Lecture 2

Instructor

Jeremy Jackson

| April 5, 2020

Location:

NW 3428

| New Westminster

Sir Ken Robinson: "Learning happens in the minds and souls, not in the databases of multiple-choice tests"

**Text Font Conventions**

- You will be responsible for knowing a number of definitions of key concepts. You may be asked to give an accurate definition and example of any of the key concepts. Key concepts are in italics, bolded and colored red throughout the notes.Key conceptsCritical points - There are some points that require extra emphasis because they are fundamental to the example or concept being discussed. Critical points are bolded, in italics and colored orange.

- These are the questions given in the learning objectives document.Course learning objective questions

**Lecture 2**

This is a very big week in this course. Work hard this week and it will pay off more than you can imagine later in the course. This week, we cover, frequency distributions, histograms, the shape of distributions, indexes of the location of the scores in a distribution (how big or small the scores are) and indexes of spread of the scores in a distribution (how close together or far apart the scores in a distribution are). That is a lot to cover in one week.

The following is a list of the videos on each of these topics. By the time you have watched and taken notes on the videos and worked to understand them and commit to memory the names, definitions and symbols associated with each concept, you should understand what a distribution is and how we represent the features of distributions.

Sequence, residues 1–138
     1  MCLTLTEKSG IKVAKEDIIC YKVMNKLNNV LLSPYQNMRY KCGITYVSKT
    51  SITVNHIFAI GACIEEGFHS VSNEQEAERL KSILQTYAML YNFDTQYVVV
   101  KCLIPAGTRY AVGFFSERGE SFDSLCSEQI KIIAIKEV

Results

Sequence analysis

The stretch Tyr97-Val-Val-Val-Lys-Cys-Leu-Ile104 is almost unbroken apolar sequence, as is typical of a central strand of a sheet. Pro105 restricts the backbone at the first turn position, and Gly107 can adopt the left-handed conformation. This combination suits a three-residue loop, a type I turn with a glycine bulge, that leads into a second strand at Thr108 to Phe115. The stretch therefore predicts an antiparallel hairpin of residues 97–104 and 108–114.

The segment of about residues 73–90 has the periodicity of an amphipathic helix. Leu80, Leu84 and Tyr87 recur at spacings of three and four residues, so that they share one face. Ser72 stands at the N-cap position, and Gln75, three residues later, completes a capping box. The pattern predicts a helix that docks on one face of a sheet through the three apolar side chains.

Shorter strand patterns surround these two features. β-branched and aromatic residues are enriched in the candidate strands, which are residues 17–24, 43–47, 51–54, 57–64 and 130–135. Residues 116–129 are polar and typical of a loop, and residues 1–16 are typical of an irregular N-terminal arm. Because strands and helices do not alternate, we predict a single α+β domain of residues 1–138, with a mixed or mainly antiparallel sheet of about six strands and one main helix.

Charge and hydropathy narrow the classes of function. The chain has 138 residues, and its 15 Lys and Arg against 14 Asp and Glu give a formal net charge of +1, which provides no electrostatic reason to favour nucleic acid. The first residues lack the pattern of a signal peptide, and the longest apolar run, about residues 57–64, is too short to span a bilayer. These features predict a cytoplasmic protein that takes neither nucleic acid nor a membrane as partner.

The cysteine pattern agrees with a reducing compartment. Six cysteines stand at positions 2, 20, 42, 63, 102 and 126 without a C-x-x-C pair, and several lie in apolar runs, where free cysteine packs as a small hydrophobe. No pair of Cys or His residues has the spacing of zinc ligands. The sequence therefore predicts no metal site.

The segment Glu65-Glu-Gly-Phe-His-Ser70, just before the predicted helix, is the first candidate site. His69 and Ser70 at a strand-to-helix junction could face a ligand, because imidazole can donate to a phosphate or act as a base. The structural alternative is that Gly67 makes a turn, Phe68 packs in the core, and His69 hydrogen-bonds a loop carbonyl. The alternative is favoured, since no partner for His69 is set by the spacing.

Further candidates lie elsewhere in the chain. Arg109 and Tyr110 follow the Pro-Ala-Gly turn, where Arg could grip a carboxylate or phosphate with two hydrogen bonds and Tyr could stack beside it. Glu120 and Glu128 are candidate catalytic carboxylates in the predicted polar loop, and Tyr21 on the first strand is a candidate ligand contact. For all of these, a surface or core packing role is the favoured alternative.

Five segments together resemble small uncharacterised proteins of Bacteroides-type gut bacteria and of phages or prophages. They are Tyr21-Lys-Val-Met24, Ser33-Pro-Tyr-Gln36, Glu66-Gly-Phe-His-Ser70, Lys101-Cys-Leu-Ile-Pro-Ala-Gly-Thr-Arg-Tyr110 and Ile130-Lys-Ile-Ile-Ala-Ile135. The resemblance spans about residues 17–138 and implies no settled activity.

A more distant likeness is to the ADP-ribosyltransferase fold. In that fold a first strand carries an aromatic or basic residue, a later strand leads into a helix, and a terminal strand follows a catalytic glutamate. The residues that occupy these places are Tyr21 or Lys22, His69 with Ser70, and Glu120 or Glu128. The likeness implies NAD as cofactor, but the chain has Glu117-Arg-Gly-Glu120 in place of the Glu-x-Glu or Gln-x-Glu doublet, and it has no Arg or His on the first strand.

1) Frequency distributions technical video....here

2) Histograms video....here

3) Shape video....here

4) Location or central tendency technical video....here

5) The mean technical video....here

6) The mean representational video....here

7) The median technical video....here

8) Deviation Score technical video....here

9) Spread or Variability technical video....here

Also, if you have not done so yet, remember to write the quiz on Blackboard about how to do well in a statistics course and the rules for the semester in this course. You can do the quiz as many times as you like until you get 15/15. You must complete the quiz with a score of 15/15 in order to be eligible to write the remaining tests in the course.

Now, remember to create cue cards for the major concepts we are covering at the moment. Here is a video on how you should create your cue cards. DO NOT RELY on cheat sheets or your notes on tests for this information. If you do not know what concepts mean and can not define them, you will fail the tests in this course!

That's it for this week. Feel free to ask questions on the "Course Questions" discussion board in Blackboard. I will answer questions on Tuesdays and Thursdays of each week.

Now on to lecture 3.